We live in a time where information is readily available to help both businesses and individuals plan and make good decisions. Yet, in 2015, Nigeria still struggles with primary data and statistics to enable proper national planning. Almost 3 decades since oil was first discovered, the opacity within the industry is appalling. Nobody seems to know how much oil is produced per day at each wellhead, the volume of oil stocked at each refinery on a daily basis or the inventory is held at the refineries hold on a going basis. It is not surprising that a popular joke around suggests the Nigeria National Petroleum Corporation (NNPC) does not even know how many bank accounts it operates!
How Much Petrol Do We Consume?
In its November 2011 report on “The real cost of subsidy and tax implications, PWC estimated our daily consumption as 32 million liters. According to Punch in October 2012, demand was 40.32 million liters per day. The Journal of Petroleum and Gas Engineering in November 2013 puts this figure at 30 million liters per day. In the same month, November 2013, an online news platform, published national daily consumption as 39.66 million liters, quoting the immediate past Minister of Petroleum. September 2014, another online news platform reported daily consumption as 40 million liters per day. February 2015, The Nigerian Guardian reported same national metric as 40 million liters per day. This is probably why the current public impression is somewhere between 30 and 40 million liters per day. What is the basis for these figures? Is there any clear statistical method to support this? If we are unable to accurately estimate daily demand, how do we know what quantity of petrol to import? It seems Nigeria does not know how much petrol it consumes, but like our former President once said, maybe America will know… or perchance the Nigerian Bureau of Statistics might help. In May 2015, the NBS initiated plans to conduct a survey on domestic supply and demand for petroleum products. Hopefully, when this survey is completed, we will have clarity on how much petrol Nigeria consumes. While we anticipate, let’s see whether the NNPC can help a bit.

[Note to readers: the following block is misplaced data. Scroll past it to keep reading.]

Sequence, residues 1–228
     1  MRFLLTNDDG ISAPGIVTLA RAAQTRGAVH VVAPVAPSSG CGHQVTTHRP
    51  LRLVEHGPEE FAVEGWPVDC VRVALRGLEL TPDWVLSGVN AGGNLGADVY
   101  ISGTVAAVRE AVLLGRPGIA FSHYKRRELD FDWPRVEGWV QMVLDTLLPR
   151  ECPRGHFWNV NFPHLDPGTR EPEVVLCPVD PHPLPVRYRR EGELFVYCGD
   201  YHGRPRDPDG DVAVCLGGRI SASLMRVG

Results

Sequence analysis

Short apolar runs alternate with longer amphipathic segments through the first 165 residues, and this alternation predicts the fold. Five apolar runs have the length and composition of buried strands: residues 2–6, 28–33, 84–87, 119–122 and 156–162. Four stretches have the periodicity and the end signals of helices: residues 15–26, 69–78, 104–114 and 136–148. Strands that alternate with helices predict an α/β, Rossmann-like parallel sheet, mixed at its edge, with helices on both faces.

The NNPC actually logs some data on supply and distribution of petroleum products but the reports are often delayed (most recent is March 2015, published July 2015) and carry a huge disclaimer: “Although NNPC endeavors to ensure accuracy of information in these documents, it cannot guarantee 100% accuracy nor can it be held liable for errors that may occur. Users are to note that use of any information herein is purely at their discretion.”
A review of 2014 product distribution data shows that 4,375.7 million liters of PMS were distributed across the 36 States and Federal Capital Territory by the NNPC, Major marketers and Independent Marketers. “Disclaimer: Product distribution data was not received from majors like Forte Oil, MRS Etc. at the time of the report”. 544.2 million liters of Household Kerosene (HHK) and 416. 3 million liters of Automotive Gas Oil (AGO) were distributed nationwide through the year. This puts the average monthly distribution for 2014 at 364.6 million, 45.3 million and 34.6 million liters of PMS, HHK and AGO respectively. 2014 daily distribution extracted from same data yields 12.2 million, 1.5 million and 1.2 million liters of PMS, HHK and AGO respectively.
In 2014, the FCT, Delta and Lagos States received the largest volume supplies of PMS from NNPC distribution. 2014 volumes distributed by Independent and Major Marketers are not broken down by State.
2015 daily distribution (January through March) as extracted was 12.6 million, 1.0 million and 0.6 million liters of PMS, HHK and AGO respectively.
A consistent trend observed from the NNPC reports is the average daily distribution of PMS. From 2014 through 2015 March, the data shows an average of 12.3 million liters of PMS distributed for consumption per day. If we double this to cater for disclaimers (non-available data from some oil majors) and unknowns, it results in a worst case estimate in the range of 25 million liters of PMS per day.
This raises some important questions around the difference in consumption. Does Nigeria consume 25 million liters per day or 40 million liters? How much of this is consumed locally and what percentage is smuggled to neighboring countries where petrol sells for at least N140 per liter? In a period where fuel subsidy costs exceed our capital expenditure, it is important to understand how much wastage can be cut from budgets. For this to happen, the NBS needs to be properly funded to undertake the necessary research and data gathering needed to capture local information and aid national planning.